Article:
Beyond Decoding: Adults With Dyslexia Have Trouble Forming Unified Lexical Representations Across Pseudoword Learning Episodes PurposeTo examine how adults with dyslexia versus adults with typical reading form lexical representations during pseudoword learning.MethodTwenty adults with dyslexia and 20 adults with typical reading learned meanings, spellings, and pronunciations of 16 pictured pseudowords, (half with regular and half with irregular grapheme-phoneme correspondences) presented first in 1 modality (spoken ... Article
Article  |   June 01, 2013
Beyond Decoding: Adults With Dyslexia Have Trouble Forming Unified Lexical Representations Across Pseudoword Learning Episodes
 
Author Affiliations & Notes
  • Karole A. Howland
    Boston University, Boston, MA
  • Jacqueline Liederman
    Boston University, Boston, MA
  • Correspondence to Karole A. Howland: khowland@bu.edu
  • Editor and Associate Editor: Janna Oetting
    Editor and Associate Editor: Janna Oetting×
Article Information
Special Populations / Genetic & Congenital Disorders / Normal Language Processing / Language Disorders / Reading & Writing Disorders / Attention, Memory & Executive Functions / Speech, Voice & Prosody / Language
Article   |   June 01, 2013
Beyond Decoding: Adults With Dyslexia Have Trouble Forming Unified Lexical Representations Across Pseudoword Learning Episodes
Journal of Speech, Language, and Hearing Research, June 2013, Vol. 56, 1009-1022. doi:10.1044/1092-4388(2012/11-0252)
History: Received September 12, 2011 , Revised April 7, 2012 , Accepted October 24, 2012
 
Journal of Speech, Language, and Hearing Research, June 2013, Vol. 56, 1009-1022. doi:10.1044/1092-4388(2012/11-0252)
History: Received September 12, 2011; Revised April 7, 2012; Accepted October 24, 2012

PurposeTo examine how adults with dyslexia versus adults with typical reading form lexical representations during pseudoword learning.

MethodTwenty adults with dyslexia and 20 adults with typical reading learned meanings, spellings, and pronunciations of 16 pictured pseudowords, (half with regular and half with irregular grapheme-phoneme correspondences) presented first in 1 modality (spoken or written) and then the 2nd modality. Dependent measures included picture naming and identification, episodic recognition, a rhyme task, and a categorization task.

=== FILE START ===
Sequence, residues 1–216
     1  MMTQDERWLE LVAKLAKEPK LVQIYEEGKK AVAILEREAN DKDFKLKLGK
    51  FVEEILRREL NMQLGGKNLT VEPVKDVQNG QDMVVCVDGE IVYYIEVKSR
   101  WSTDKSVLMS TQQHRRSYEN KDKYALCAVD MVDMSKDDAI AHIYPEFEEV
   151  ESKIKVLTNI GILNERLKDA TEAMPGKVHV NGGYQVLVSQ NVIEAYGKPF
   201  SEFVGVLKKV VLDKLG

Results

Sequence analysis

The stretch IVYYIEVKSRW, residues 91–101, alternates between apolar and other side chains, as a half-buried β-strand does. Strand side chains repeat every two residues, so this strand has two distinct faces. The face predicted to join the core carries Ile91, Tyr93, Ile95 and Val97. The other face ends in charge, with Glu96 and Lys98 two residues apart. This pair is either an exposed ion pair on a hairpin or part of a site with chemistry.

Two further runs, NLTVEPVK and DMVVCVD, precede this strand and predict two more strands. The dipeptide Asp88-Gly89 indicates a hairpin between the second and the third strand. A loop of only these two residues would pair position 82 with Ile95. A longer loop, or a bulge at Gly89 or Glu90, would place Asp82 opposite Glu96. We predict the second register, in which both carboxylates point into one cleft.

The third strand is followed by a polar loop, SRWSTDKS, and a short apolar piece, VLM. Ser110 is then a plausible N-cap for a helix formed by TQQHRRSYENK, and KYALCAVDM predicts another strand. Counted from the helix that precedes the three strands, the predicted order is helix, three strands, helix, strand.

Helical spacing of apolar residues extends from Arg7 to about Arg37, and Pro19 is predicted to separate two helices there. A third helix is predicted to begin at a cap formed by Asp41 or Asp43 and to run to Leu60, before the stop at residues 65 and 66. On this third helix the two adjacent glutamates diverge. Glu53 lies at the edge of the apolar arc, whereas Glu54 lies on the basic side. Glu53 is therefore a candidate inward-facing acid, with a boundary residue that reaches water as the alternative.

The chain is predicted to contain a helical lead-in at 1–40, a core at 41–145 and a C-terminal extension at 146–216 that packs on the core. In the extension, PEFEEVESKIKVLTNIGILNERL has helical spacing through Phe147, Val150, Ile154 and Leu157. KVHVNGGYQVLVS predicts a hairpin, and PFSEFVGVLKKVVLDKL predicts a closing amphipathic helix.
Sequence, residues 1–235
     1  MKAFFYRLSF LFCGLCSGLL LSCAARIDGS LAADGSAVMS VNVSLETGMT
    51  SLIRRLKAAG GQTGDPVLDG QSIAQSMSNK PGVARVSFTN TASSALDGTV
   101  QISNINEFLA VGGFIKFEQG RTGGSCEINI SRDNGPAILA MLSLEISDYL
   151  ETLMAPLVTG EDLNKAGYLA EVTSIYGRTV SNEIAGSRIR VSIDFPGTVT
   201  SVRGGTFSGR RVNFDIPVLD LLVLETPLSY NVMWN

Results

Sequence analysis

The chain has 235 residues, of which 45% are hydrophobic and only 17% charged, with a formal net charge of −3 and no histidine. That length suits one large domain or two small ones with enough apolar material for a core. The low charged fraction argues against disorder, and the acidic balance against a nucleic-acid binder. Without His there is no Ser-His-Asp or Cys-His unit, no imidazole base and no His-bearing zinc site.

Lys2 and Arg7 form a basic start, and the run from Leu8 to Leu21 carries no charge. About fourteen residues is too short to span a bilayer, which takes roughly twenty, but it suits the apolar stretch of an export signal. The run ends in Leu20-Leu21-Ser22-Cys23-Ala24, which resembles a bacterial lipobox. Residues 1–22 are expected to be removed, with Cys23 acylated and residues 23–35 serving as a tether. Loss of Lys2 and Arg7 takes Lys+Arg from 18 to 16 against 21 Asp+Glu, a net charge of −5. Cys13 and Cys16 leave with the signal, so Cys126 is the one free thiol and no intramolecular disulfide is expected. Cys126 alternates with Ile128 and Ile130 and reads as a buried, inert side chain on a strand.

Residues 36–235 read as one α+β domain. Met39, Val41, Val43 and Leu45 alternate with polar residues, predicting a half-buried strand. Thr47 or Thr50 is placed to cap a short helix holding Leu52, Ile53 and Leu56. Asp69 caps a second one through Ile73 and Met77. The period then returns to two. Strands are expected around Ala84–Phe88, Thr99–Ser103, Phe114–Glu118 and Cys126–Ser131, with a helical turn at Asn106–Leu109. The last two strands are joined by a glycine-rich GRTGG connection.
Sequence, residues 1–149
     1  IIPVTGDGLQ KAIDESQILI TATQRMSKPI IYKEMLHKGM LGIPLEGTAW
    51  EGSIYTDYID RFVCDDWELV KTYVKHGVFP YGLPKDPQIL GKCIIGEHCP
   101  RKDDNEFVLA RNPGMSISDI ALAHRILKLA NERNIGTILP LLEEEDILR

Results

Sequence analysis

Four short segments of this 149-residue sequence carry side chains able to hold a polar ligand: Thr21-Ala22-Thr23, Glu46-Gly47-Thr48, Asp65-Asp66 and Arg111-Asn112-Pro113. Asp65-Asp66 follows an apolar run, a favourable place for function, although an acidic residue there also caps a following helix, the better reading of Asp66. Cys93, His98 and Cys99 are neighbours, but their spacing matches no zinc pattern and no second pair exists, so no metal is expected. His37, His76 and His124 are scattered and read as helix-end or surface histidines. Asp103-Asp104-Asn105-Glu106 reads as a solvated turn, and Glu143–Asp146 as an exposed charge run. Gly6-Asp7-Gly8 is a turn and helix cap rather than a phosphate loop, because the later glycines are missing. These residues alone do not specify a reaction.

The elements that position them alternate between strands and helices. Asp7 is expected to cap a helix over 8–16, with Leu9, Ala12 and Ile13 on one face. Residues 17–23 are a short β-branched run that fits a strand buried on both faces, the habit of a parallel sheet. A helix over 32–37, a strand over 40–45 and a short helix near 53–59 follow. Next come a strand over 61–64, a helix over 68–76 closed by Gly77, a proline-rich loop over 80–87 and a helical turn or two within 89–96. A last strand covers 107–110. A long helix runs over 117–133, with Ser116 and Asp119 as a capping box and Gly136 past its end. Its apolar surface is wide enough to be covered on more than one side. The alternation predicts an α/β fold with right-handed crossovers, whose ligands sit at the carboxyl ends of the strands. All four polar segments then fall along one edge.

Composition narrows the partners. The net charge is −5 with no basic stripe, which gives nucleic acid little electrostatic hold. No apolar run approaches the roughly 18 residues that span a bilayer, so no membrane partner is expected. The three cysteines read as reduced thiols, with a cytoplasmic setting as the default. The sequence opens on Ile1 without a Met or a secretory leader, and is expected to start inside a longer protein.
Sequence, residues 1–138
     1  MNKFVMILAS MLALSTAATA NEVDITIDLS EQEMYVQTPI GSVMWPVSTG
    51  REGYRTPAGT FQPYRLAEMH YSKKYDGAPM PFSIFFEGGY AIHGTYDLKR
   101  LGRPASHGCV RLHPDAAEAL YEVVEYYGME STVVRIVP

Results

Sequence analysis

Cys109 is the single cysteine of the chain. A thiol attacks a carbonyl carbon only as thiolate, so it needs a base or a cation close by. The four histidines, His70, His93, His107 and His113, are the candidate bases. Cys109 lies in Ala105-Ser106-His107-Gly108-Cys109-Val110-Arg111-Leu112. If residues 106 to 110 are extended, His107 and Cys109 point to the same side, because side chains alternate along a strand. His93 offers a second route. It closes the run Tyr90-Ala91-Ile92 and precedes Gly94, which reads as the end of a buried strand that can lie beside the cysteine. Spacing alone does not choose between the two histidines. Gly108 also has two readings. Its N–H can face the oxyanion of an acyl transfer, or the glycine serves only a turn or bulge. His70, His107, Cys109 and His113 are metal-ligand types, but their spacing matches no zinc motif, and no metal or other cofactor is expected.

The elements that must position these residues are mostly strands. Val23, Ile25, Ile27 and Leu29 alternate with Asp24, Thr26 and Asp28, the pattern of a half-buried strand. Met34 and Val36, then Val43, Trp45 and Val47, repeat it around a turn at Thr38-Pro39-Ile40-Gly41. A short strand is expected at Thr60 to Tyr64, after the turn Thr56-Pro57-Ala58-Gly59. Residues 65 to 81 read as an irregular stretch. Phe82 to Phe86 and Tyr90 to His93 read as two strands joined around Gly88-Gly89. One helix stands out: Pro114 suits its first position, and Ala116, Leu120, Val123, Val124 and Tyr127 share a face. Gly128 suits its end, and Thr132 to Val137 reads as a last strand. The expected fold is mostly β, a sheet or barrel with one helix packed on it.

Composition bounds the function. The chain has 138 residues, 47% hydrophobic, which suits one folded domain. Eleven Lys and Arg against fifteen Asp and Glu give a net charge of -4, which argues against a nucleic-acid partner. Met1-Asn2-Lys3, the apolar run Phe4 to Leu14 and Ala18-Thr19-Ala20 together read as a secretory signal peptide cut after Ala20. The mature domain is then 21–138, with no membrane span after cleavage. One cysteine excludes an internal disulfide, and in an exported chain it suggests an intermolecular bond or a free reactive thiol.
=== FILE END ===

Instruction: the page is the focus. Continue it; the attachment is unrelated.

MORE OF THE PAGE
ResultsAdults with dyslexia learned pseudowords more slowly than those with typical reading and were disproportionately poor in learning irregularly spelled pseudowords after changing from written to spoken modality. Adults with dyslexia recognized fewer pseudoword forms than adults with typical reading and verified fewer pseudoword rhymes. Adults with typical reading were more accurate with categorizing regular versus irregular pseudowords. Adults with dyslexia did not show this regularity advantage.

ConclusionsAdults with dyslexia, compared with adults with typical reading, failed to (a) encode and retrieve detailed information about pseudoword forms, (b) efficiently form cross-modal associations between written and spoken encounters with pseudowords, and (c) effectively modify their representations following the change in modality. The authors discuss implications relative to common theories of dyslexia.

Acknowledgments
This study was funded in part by CELEST, an NSF Science of Learning Center (Grant SBE-0354378, awarded to the second author). Data in this article were previously published as a doctoral dissertation by Karole A. Howland at Boston University in May 2009. Portions of the data were presented at the International Neuropsychology Society Conference in Atlanta, Georgia, in February 2009, and at the American Speech-Language-Hearing Association Convention in Philadelphia, Pennsylvania, in November 2010. We thank Holly Storkel and colleagues for generously sharing their story stimuli, Jeffry Coady and David Caplan for their insightful suggestions, and Beth Baribault for her careful comments and proofreading.
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